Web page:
International Women´s Day 2020: An Equal World is an Enabled World.
Jacobs Berger Family Law Attorneys across Morris County and Northern New Jersey joins this celebration and women’s achievement
Sunday, March 8, 2020, marks International Women’s Day, a global event celebrating not only the socio-cultural, political and economic achievements of women but a 25 year in the making call to action for gender equality. Under #EqualforEqual women are actively choosing to “challenge stereotypes, fight bias, broaden perceptions, improve situations and celebrate women’s achievements.” Promoted as a vehicle for change, this year’s International Women’s Day theme “I am Generation Equality: Realizing Women’s Rights” is closely aligned with the United Nations’ Women’s new multigenerational Gender Equality campaign.
In 1995 the Beijing Declaration and Platform for Action took steps to build what is widely recognized as the most progressive roadmap for female empowerment around the world. It seems only fitting that the 25th Anniversary of this event will occur in such a pivotal year as 2020, the Chinese Year symbolic of renewal. This global day of observance will also in some ways represent an opportunity for citizens around the world to evaluate and assess what kinds of progress has been achieved for women’s rights since the adoption of the Beijing Platform for Action.
Although International Women’s Day is an effort to build a larger public conversation around youth leadership, feminist solidarity and women’s rights activism, based on a set of internationally agreed targets to measure progress, to date no country is on track to achieve gender equality by 2030. Even Nordic countries like Denmark which have made tremendous socio-political progress and scored higher on the index, would not be able to meet UN sustainable development goals to end poverty, inequality, and halt the climate process.
According to Katja Iversen, president, and CEO of women’s rights advocacy group Women Deliver, “2020 is going to be massive, and the potential [for change] is enormous.” Since women and girls often have fewer choices than their male counterparts, work more, are paid less, are undervalued, and often experience multiple forms of domestic violence. Many global events around the theme of women’s rights and gender equality will celebrate game changers of all ages and genders, and work towards creating strategies to take actionable steps towards empowering all women and girls in the years to come.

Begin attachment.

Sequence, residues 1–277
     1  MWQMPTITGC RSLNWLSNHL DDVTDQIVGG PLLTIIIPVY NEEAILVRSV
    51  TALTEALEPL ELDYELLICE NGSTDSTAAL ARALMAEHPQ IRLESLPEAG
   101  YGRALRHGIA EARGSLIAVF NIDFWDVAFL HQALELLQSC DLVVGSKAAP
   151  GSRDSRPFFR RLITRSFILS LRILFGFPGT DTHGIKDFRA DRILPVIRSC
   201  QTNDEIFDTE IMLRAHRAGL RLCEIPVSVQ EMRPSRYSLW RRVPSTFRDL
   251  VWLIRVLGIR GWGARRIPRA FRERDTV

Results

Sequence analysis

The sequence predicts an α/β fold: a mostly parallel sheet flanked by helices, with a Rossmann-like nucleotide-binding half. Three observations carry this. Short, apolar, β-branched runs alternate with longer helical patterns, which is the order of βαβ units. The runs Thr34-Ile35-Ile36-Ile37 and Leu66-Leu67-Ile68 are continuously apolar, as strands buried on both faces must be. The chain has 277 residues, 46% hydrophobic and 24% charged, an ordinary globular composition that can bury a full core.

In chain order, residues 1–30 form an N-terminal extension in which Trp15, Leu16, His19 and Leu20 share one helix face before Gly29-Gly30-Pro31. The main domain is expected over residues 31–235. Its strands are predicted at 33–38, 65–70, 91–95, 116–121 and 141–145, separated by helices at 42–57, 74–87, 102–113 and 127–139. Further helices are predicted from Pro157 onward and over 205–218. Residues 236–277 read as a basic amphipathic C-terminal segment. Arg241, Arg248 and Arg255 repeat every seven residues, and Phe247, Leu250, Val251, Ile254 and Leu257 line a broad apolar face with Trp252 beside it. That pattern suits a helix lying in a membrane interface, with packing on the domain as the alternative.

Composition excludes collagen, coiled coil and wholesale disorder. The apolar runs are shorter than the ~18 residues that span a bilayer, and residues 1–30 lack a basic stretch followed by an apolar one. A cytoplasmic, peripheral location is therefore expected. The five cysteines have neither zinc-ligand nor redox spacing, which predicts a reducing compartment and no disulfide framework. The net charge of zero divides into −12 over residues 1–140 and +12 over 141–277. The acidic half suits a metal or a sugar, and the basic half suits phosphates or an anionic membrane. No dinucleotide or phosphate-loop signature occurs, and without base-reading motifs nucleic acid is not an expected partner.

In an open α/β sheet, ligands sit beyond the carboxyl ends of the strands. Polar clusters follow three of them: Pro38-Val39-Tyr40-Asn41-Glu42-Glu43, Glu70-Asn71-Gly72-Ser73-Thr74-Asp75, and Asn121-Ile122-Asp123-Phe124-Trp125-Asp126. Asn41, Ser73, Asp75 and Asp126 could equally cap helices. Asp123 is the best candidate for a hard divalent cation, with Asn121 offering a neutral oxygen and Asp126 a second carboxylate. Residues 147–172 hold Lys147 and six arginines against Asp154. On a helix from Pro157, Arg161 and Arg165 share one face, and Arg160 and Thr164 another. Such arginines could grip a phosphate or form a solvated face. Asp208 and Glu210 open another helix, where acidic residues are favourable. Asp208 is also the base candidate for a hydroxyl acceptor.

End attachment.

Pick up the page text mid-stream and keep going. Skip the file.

Women in New Jersey Had Equal Voting Rights between 1776 to 1807
According to a recent New York Times article, for about 30 years after the American Revolution, women in New Jersey had equal voting rights with men. New Jersey was the first state and was for a while, the only state, to enfranchise women before passing legislation limiting voters’ rights to only white men.
New Jersey at that time gave the “right to vote to all inhabitants, as long as “they” could credibly declare they had property worth 50 pounds.” In 1790 the law was reworded to “he or she,” to clarify that both men and women had voting rights. Interestingly enough, only single women could vote because married women were not able to own property.
The same New York Times article also cites a lawmaker of the time who wrote that prior to the repeal of this right, the NJ “constitution (gave) this right to maids and widows, white and black.”